Citrus Fennel and Avocado Salad

Citrus Fennel and Avocado SaladAccording to Vegetarian Times,  avocado and grapefruit are a common salad combination in Spain and France. Citrus Fennel and Avocado Salad is like capturing sunshine in a dish!

Our featured recipe couples the citrus fruits of navel oranges, and ruby-red grapefruit with zesty arugula, the unique flavor of fennel, and creamy avocado. It also has a homemade vinaigrette that includes extra-virgin olive oil, fresh lemon juice, Italian parsley, and the unique flavor of fresh thyme leaves.

dill and fennel flowersAre you wondering about fennel? Well, fennel is a bulb shaped vegetable with tall, thin, wispy, fronds that have the appearance of dill.

Though the two are from different plant spices. Dill is from the celery family, and fennel is from the carrot family.

Apart from the crunchy rather spicy vegetable, the fronds can be used in salads as well.

Fennel is a firm and crunchy vegetable, and has a flavor much like licorice and anise. Sometimes in the market, the produce worker will refer to fennel as anise, though it is not. Just like comparing yams and sweet potatoes, also very different from one another.

Now for our featured recipe: – Citrus Fennel and Avocado Salad – and here is what you will need.

1 teaspoon Himalayan salt

1/2 teaspoon black pepper

1 tablespoon fresh thyme, remove leaves from stems

2 tablespoons fresh Italian parsley chopped

3 tablespoons extra-virgin olive oil

Juice of 1 lemon

1 large pink grapefruit, peeled and pith removed, cut segments into 3’s

1 large navel orange, peeled and pith removed, cut segments into 3’s

1 fennel bulb, quartered and thinly sliced, reserve fronds (optional)

4 cups arugula

1 ripe avocado peeled, seeded and cut into 1-inch chunks

lemon and olive oil dressingMix first six ingredients in a large bowl, and set aside.

grape fruit with peel removed grapefruit segmentsPrepare fruit, fennel, leaving avocado last so flesh doesn’t brown.

Using a knife remove peel from both the orange and grape fruit. Be careful while cutting away at the peel, so as to remove as little of the fruit as be possible.

Next slice away any white pith, again removing as little fruit as possible.

Arugala and Fennel in a salad bowl with dressingAdd the arugula and fennel to the vinaigrette and mix until well coated.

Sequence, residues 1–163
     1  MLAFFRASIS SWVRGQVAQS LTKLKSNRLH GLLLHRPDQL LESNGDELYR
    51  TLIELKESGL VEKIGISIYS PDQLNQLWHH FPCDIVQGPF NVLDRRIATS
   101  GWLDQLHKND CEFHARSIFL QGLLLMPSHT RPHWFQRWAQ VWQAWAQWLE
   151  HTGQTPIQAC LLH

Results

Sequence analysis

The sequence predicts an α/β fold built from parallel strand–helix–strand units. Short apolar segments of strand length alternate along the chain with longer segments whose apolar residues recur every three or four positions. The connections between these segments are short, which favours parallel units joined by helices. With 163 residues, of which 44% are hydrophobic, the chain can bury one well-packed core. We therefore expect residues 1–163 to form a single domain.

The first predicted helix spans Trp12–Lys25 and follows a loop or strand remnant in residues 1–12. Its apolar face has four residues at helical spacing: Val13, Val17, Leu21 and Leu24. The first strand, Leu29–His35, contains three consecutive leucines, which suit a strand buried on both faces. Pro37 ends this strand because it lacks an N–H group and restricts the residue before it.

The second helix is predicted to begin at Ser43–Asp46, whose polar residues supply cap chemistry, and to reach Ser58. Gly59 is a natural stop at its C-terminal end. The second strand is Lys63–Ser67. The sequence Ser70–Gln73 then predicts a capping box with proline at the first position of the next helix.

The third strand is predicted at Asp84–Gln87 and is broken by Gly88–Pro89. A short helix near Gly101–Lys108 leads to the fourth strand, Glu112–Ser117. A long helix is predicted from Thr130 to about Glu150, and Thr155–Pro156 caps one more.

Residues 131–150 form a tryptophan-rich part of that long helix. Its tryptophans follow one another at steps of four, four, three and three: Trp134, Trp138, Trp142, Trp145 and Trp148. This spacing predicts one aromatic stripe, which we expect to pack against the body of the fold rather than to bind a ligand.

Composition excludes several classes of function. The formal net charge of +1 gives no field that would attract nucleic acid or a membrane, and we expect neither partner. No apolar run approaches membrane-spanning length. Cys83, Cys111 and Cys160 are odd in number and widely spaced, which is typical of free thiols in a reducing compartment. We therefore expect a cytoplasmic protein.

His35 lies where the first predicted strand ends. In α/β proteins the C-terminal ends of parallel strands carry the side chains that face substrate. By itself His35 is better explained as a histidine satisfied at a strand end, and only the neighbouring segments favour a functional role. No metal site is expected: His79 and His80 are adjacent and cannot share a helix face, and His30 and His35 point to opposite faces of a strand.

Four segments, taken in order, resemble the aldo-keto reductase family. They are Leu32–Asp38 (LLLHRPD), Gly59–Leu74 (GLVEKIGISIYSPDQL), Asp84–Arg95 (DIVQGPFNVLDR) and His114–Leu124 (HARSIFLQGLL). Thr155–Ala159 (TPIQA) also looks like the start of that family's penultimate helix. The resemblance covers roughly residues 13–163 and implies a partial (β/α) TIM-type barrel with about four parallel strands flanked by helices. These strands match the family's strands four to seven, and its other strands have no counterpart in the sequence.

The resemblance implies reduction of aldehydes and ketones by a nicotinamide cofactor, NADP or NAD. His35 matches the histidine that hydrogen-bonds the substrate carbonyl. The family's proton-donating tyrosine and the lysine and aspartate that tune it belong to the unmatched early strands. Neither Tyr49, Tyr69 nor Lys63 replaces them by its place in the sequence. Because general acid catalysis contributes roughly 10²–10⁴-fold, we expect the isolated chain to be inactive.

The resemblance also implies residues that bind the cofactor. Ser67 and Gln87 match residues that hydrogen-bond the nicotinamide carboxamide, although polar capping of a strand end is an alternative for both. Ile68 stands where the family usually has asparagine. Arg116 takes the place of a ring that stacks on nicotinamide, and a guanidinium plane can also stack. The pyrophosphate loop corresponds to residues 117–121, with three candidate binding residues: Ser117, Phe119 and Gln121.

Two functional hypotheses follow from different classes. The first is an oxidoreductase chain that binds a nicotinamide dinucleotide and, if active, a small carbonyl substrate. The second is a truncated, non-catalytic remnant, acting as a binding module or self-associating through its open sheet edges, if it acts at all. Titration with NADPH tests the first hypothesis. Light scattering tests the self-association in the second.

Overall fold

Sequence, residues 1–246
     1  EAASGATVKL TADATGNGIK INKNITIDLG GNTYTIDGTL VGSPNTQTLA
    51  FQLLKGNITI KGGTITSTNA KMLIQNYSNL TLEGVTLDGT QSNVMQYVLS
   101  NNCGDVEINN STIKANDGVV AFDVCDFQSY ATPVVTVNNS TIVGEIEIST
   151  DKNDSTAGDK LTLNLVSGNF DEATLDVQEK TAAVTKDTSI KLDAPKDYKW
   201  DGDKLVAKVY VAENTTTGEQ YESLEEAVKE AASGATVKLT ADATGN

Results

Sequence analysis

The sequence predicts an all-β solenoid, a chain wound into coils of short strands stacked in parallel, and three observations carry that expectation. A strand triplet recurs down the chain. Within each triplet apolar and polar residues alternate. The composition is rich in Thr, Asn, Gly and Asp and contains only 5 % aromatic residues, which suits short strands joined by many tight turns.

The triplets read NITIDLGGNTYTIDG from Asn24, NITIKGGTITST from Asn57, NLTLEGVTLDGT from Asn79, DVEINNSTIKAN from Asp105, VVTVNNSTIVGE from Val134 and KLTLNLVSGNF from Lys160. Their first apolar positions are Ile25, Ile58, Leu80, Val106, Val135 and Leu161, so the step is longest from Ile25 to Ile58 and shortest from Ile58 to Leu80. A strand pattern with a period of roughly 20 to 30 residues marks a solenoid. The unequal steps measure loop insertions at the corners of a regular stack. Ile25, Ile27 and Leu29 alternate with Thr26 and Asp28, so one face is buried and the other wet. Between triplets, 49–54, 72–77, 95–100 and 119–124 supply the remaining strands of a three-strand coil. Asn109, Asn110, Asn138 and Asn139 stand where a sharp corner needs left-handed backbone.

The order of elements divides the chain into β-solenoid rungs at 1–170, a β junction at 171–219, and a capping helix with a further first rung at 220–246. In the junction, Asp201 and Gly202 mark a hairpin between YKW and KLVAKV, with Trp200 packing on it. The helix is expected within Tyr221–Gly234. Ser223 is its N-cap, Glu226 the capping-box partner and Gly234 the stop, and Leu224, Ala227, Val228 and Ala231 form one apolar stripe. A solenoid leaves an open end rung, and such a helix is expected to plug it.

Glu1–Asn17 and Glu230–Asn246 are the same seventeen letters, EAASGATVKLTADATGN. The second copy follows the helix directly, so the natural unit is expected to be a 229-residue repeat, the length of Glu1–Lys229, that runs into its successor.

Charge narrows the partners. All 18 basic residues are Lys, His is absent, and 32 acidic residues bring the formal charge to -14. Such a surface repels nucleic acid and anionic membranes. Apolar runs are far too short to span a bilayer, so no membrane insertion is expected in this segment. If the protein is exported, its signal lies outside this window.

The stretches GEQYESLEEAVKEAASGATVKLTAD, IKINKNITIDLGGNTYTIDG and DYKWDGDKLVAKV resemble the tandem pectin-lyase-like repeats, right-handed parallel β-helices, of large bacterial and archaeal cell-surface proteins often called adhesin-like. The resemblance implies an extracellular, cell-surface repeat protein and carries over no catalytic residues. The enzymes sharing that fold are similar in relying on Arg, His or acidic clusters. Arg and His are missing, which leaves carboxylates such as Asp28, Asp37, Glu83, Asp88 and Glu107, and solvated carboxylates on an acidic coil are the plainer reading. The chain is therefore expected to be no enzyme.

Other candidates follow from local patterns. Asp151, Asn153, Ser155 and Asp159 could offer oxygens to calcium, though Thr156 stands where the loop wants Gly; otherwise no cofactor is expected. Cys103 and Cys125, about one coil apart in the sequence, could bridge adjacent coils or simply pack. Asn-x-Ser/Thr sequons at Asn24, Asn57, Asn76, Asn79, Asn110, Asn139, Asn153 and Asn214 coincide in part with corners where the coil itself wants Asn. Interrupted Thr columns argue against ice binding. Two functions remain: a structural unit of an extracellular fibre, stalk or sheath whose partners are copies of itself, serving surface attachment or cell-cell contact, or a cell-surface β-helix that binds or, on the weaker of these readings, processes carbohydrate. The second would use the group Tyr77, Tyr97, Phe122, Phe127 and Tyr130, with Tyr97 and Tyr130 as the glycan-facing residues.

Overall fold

Citrus Fennel and Avocado Salad - image2On individual plate’s spoon salad mix and top with 1/3 cup grapefruit segments and 1/3 cup orange segments. Next add 4 to 6 chunks of avocado. Before serving add a few cut fronds to the plated salad. Prepares about 4 salad plates.

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Add a Little Zest

lemon zet

When a recipe calls for “zest” of a citrus fruit, it’s referring to the colorful outer part of the skin, not the inner white part, which is known as the pith. The zest contains all of the aromatic citrus oils and provides a hint of citrus tang to the recipe. A simple method of obtaining a fine zest is by rubbing the fruit against the smallest holes of a cheese grater.

Usually a recipe will call for 1 to 3 teaspoons of citrus zest. If you happen to not have an orange or lemon in the kitchen, then you have to run to the store to get yourself one. This can be time consuming and not to mention the gas you have to use.

grating lemon zestHere is our solution:  After squeezing or juicing lemons or oranges do not toss the peels. Freeze the peels or rinds in a freezer bag and whenever you need zest of a lemon or orange, you can grate it from the frozen peels.

The flavor is just the same as if the peel were fresh.

It will save a trip to the store just to buy a citrus fruit for a small amount of zest. This tip works well if you make cheesecake often in your kitchen.

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